Tyler Cowen writes,

the Japanese economy was more dependent on productivity gains in the first place. As those gains start to slow down or dry up, it bites harder and more quickly.

I want to talk about three big stories for what is going on in the world today. Cowen’s big story is The Great Stagnation. Productivity growth has slowed, in part because of a slowdown in technological change.

The Krulong big story is that the market animals escaped from the zoo. We need to put the technocrat/zookeepers back in charge.

My big story is the opposite of both. It is that (1) we have had a speed-up in technological change, and (2) the technocrats have too much power and too little knowledge. The technocratic approaches to bank capital regulation, U.S. housing policy, and European integration have failed spectacularly, illustrating the knowledge-power discrepancy.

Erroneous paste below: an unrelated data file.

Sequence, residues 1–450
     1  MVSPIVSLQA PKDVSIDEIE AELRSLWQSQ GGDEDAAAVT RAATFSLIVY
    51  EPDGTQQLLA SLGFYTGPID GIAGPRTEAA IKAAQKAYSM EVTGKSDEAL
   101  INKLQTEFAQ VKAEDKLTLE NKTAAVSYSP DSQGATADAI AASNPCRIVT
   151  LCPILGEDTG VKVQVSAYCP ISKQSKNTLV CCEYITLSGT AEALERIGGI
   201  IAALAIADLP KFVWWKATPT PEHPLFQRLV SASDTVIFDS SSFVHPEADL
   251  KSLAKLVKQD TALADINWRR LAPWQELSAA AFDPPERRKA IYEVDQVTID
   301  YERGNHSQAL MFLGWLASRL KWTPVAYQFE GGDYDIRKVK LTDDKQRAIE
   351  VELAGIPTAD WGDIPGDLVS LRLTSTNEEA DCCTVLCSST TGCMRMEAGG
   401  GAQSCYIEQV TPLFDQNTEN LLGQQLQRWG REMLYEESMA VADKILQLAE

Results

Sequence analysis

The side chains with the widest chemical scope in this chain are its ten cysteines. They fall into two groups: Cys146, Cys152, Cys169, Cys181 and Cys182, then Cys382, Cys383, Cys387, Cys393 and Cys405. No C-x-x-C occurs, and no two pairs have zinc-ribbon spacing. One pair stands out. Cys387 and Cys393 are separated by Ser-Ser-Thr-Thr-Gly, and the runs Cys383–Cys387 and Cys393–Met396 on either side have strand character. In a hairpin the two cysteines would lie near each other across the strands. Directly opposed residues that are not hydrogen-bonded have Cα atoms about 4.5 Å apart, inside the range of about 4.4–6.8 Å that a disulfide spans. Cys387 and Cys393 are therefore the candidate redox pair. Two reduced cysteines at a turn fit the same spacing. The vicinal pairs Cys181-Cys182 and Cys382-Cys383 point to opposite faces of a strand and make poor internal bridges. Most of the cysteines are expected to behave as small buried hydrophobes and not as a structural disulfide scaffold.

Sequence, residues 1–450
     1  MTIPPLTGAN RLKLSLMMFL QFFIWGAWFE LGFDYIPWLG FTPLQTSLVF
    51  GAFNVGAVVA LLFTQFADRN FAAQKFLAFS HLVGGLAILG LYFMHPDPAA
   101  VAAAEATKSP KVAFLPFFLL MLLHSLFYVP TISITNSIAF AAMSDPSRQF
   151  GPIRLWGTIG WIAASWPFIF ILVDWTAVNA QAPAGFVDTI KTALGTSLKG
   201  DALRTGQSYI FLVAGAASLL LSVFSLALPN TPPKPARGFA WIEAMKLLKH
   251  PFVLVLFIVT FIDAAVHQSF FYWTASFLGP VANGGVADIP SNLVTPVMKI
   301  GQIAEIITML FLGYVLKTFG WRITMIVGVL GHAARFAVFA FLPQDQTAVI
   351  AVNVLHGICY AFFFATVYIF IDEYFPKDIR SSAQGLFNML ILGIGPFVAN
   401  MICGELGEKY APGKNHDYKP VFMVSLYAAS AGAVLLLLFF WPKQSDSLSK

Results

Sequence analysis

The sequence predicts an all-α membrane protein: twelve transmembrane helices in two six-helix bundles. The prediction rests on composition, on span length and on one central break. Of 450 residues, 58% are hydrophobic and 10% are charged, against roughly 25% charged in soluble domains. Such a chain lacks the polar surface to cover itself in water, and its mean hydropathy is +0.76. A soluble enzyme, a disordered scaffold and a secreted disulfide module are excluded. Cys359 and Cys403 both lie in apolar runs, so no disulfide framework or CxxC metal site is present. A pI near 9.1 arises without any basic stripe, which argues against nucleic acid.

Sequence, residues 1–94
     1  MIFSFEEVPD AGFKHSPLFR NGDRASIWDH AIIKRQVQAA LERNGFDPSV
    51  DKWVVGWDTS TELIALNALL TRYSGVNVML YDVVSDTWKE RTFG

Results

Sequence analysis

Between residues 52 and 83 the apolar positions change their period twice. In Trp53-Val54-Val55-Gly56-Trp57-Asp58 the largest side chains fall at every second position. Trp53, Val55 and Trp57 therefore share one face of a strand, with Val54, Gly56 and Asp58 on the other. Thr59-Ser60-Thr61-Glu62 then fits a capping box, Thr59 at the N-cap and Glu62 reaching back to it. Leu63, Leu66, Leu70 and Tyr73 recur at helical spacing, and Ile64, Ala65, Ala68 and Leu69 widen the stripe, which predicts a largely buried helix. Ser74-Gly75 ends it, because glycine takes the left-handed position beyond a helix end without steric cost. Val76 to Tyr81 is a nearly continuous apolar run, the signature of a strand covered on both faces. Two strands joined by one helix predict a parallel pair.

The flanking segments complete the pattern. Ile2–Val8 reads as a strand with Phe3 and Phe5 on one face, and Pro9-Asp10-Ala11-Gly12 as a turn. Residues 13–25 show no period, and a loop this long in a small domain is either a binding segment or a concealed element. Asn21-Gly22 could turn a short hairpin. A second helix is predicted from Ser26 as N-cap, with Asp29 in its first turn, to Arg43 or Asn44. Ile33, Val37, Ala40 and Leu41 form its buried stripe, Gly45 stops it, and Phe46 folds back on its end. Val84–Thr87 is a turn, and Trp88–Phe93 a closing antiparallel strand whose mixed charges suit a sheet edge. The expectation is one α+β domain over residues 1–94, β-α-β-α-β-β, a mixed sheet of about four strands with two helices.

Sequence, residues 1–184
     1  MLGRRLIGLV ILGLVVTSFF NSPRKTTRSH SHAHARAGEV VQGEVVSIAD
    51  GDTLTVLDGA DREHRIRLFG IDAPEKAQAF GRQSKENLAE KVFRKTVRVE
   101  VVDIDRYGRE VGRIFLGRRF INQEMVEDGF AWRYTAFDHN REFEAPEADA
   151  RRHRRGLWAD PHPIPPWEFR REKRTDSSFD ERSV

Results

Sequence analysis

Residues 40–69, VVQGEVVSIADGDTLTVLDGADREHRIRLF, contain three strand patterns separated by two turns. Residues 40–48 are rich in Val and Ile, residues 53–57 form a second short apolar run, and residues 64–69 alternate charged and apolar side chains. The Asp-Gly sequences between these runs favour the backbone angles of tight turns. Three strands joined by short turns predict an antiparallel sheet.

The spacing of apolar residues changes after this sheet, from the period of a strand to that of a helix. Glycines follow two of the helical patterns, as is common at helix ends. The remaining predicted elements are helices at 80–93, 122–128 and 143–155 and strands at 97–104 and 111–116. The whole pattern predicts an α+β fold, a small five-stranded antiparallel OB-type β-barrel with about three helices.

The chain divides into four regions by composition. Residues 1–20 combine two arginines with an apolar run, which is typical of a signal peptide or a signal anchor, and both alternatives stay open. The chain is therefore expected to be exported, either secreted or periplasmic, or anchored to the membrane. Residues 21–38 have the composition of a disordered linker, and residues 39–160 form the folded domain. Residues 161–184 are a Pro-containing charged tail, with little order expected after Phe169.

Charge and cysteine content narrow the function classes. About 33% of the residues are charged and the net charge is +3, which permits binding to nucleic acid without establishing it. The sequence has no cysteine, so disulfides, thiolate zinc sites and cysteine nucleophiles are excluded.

I think my story has the easiest time explaining the strong relative performance of emerging-market countries. The Internet has made it easier to establish and manage patterns of trade that incorporate emerging-market economies. This has produced the Great Factor-Price Equalization between workers of average IQ’s in different countries. A large number of average-IQ workers in the United States have yet to find their place with new patterns of sustainable specialization and trade (PSST).